"The more and more we learn, we’re seeing things with what this virus can do that we didn’t see from the studies in China or in Europe," he said. "I think we better be careful that we are not cavalier in thinking that children are completely immune from the deleterious effects."

What does this mean for schools and child policies?

Fauci made that comment in response to a question asked by Kentucky Sen. Rand Paul, who noted the mortality rate in children ages 0-18 "approaches zero." Paul said the U.S. should look at the model from Sweden, which kept schools open, and added that he thought it would be "ridiculous" to have a one-size-fits-all plan for schools nationwide.

"If we keep kids out of school another year, what’s going to happen is the poor and underprivileged kids who don’t have a parent who is able to teach them at home are not going to learn for a full year?" he asked. "I think we have to look at the Swedish model and we’ve got to look at letting our kids back to school. I think it’s a huge mistake if we don’t open schools in the fall."

Utah’s public schools closed and moved to online learning following an order from Gov. Gary Herbert on March 13. While the initial order was for two weeks, the decision was later made to keep school buildings closed as the school year wraps up in the coming weeks. The state’s guideline for school closures, which is outlined in its tiered economy reopening plan, states schools are closed in red and orange phases but can reopen during a yellow phase.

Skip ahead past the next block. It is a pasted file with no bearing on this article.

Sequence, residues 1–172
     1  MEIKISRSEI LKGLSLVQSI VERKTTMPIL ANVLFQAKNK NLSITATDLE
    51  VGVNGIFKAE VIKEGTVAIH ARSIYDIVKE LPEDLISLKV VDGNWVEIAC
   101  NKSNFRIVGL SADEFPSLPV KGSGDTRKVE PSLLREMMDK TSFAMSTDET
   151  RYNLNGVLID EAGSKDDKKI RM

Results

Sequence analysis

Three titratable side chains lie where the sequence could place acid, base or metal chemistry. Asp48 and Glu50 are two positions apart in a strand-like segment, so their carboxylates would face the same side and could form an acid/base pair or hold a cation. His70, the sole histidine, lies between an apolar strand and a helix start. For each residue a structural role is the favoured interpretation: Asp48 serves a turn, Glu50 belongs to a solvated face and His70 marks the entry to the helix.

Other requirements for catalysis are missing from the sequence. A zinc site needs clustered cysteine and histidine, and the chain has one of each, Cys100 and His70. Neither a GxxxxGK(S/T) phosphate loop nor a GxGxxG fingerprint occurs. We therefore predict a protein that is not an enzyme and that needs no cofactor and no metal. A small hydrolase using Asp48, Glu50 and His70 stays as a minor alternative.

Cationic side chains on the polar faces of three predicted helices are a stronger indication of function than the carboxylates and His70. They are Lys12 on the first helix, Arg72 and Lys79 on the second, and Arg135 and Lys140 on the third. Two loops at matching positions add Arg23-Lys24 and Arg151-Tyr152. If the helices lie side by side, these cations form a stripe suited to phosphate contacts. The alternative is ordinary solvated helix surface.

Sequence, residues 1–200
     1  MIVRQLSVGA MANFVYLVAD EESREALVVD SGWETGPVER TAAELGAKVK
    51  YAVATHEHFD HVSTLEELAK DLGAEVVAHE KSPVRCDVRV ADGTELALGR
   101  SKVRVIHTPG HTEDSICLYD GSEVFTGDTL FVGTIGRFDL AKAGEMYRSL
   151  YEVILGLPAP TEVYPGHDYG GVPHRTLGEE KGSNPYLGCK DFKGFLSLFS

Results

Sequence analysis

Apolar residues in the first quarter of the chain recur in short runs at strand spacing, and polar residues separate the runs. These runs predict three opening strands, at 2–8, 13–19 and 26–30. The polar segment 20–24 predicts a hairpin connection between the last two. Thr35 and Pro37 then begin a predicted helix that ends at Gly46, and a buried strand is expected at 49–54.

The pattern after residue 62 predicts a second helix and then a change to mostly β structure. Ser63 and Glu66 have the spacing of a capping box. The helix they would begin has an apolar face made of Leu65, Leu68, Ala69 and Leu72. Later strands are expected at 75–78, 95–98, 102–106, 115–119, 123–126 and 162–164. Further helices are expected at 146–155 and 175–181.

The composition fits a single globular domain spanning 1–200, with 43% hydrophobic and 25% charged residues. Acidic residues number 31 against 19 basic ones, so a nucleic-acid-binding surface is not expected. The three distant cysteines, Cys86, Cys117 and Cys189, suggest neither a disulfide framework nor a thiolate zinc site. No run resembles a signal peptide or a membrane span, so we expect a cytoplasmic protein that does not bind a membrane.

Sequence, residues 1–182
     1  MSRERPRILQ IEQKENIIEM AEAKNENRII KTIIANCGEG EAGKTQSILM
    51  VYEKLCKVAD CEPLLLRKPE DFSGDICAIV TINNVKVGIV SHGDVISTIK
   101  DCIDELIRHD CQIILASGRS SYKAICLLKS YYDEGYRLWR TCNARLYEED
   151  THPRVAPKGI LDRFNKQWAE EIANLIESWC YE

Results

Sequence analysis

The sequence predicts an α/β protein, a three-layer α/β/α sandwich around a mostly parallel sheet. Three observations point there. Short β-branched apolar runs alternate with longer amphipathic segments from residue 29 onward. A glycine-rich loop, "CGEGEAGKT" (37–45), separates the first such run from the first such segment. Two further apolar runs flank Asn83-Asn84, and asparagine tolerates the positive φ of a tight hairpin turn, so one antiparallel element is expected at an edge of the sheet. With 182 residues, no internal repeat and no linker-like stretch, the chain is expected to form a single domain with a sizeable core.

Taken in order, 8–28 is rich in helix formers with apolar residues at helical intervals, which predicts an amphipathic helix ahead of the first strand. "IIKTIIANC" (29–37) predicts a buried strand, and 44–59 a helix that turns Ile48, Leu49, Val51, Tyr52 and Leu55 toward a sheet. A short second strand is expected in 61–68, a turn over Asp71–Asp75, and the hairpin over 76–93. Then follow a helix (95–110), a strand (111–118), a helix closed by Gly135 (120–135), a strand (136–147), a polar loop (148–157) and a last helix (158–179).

Guidelines for children under the state’s yellow plan include:

  • Schools may open under the direction of the Utah State Board of Education, but follow distancing guidelines with increased cleaning and hygiene regimens
  • Increased cleaning and hygiene regimens
  • All symptomatic children should stay home from school and child care and will be sent home if exhibiting any symptoms
  • Limit child interaction with other children in public spaces (e.g. playground equipment); a 6-foot distance should be maintained

If the CDC is warning doctors about a new syndrome involving children, would that change the state’s policies related to children? Utah State Board of Education officials deferred KSL.com’s inquiry to state health officials, who said it’s a decision that could be made at a later date.

Much of what will happen in the fall will be determined based on illness trends in Utah and decisions made by the Public Health and Emergency Economic Commission established by Gov. Gary Herbert.

–Utah Department of Health Spokesperson

"Much of what will happen in the fall will be determined based on illness trends in Utah and decisions made by the Public Health and Emergency Economic Commission established by Gov. Gary Herbert," a health department spokesperson said in a statement.

As for any blanket one-size-fits-all school closure policy of the kind Paul opposed on Tuesday, Mike Leavitt, former Utah governor and former U.S. Health and Human Services secretary, also argued it might be best for leaders of individual school districts to make their own decisions regarding reopening in the fall.

"We’re moving into a period now where we’re opening up and we’re going to be called upon to make more individual decisions … decisions that might be made by a business, an individual school district, where we don’t have full guidance and aren’t being told by the government exactly what to do," he said, during an interview on KSL NewsRadio’s Dave & Dujanovic on Wednesday morning. "In those cases, there’s going to be different people who respond to it differently."


Contributing: Debbie Dujanovic and Dave Noriega, KSL NewsRadio